Student-athletes fight for college recruitment


Mackenzie Holmes

Senior Carol Prystup, volleyball, sign to Wofford College on National Signing day.

This story was originally published in the third edition of The Lion’s Tale (January 31st, 2022).

“I am SO excited to announce my verbal commitment to further my education…” is the post that starts the sigh of relief for a student athlete. Peers reposting, family celebrating, and soon a signing day follow this announcement. Even after that, making the younger version of themselves smile knowing they are going places. These are the tools student athletes use to earn this spot. It is all behind the scenes work for these moments, but no one really knows how to get there. 

The National Collegiate Athletic Association (NCAA) has rules in place to where college coaches cannot formally reach out or talk to student athletes until the summer of the athlete becoming a junior. Athletes are allowed to email coaches, talk to them, and let them know where they are. OHS’s seniors took it the hardest. 

Sara Ferrer, new committee to Newberry College in South Carolina, talked about her struggles of reduriting through COVID.

 “The most difficult part of the process was having to recruit through the Covid pandemic,” Ferrer said. 

As most know, COVID-19 hit classes of 2020 ,2021 and even 2022. The NCAA gave an extra year for all athletes who were on a college level team leaving what some may call ‘super seniors’ or five to six year ‘seniors’. This left our highschoolers in a dead period in terms of college offers.  

“A lot of times you would find yourself getting comfortable with a school and the coaching staff,” Ferrer said. “Then they would inform you that one of their players was deciding to take their extra year of eligibility and you were bumped off of their list.”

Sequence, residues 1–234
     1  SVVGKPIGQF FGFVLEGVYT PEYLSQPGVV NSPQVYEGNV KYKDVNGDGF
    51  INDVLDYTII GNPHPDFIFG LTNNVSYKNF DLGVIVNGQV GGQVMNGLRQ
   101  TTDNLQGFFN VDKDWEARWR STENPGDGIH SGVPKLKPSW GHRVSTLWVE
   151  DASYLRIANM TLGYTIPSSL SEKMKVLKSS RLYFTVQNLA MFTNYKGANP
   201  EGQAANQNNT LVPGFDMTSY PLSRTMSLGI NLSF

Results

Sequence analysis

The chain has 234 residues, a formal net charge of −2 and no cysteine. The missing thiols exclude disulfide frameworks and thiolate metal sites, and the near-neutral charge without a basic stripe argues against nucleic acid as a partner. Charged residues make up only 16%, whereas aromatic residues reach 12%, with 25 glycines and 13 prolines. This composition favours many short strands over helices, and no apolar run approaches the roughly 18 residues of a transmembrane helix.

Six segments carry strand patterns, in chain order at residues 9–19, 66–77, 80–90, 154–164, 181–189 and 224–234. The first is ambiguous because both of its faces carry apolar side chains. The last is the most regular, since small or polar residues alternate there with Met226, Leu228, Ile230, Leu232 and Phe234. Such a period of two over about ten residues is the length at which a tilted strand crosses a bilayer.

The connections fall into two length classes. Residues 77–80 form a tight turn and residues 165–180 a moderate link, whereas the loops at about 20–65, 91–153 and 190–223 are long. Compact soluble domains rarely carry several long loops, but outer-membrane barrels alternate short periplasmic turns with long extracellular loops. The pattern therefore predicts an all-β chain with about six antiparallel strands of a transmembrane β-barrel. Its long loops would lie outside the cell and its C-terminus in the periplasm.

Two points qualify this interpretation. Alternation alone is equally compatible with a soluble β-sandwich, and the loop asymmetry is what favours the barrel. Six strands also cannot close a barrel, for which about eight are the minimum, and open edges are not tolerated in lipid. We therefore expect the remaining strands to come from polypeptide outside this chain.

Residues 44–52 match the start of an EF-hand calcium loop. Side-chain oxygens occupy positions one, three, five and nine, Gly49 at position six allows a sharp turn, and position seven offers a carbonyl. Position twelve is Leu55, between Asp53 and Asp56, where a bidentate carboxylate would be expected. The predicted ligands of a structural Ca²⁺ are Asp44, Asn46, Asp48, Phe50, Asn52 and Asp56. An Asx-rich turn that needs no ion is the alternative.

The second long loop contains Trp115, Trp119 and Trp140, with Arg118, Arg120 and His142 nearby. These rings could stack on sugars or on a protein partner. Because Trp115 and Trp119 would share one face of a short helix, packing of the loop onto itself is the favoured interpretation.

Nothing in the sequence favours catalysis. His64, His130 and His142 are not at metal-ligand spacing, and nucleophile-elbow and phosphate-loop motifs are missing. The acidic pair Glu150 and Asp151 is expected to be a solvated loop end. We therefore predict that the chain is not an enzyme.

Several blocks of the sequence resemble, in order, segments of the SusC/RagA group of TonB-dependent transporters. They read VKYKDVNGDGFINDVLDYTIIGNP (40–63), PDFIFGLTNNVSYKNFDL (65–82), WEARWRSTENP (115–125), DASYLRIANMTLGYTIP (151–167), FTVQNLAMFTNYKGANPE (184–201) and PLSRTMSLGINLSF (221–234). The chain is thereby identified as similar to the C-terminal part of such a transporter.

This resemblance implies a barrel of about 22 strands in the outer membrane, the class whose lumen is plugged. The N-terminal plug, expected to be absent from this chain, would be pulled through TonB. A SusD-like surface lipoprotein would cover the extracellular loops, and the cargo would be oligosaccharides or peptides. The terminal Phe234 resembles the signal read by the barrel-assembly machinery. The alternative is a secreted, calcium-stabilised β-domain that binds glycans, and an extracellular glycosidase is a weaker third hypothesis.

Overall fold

Amanda Waggoner, a goalie committed to Belmont College in Tennessee, also experienced the restrictions of COVID.  

“Coaches had to watch my games virtually and couldn’t email me back. I also wasn’t allowed to go on any unofficial visits,” Waggoner said. 

With staying at home with no person-to-person contact, student-athletes have had to really push themselves to get college coaches attention. 

Scott Waisanen, coach of the Oviedo girls soccer team talked about how to talk to coaches.

“Student athletes need to put themselves out there and figure out what schools they like and where they might like to go then be assertive in following up and proactive in contacting schools they are interested in,” Waisanen said. 

Scott Dean, the girls lacrosse coach, agreed how important it is for students to be proactive. 

“Be proactive in reaching out to coaches…they have hundreds of kids contacting them, so be the one who stands out as always communicating,” Dean said. “It is a long process, but worth it in the end.”

Jen Darty, the girls volleyball head coach and athletic director, emphasized on the point that you are always competing with other athletes in the country. 

One element that can be taken into account is whether a college will even look at an athlete because of grades. Greg Odierno, head football coach, explained how important grades are to colleges. 

“If you don’t have the grades it doesn’t matter how talented you are,” Odierno said.  “You need to have a minimum of a 3.0 score GPA and 1000 SAT.”

Darty added, “grades are incredibly important to a college coach – if you don’t have the grades, they will not be NCAA eligible and can not be recruited.”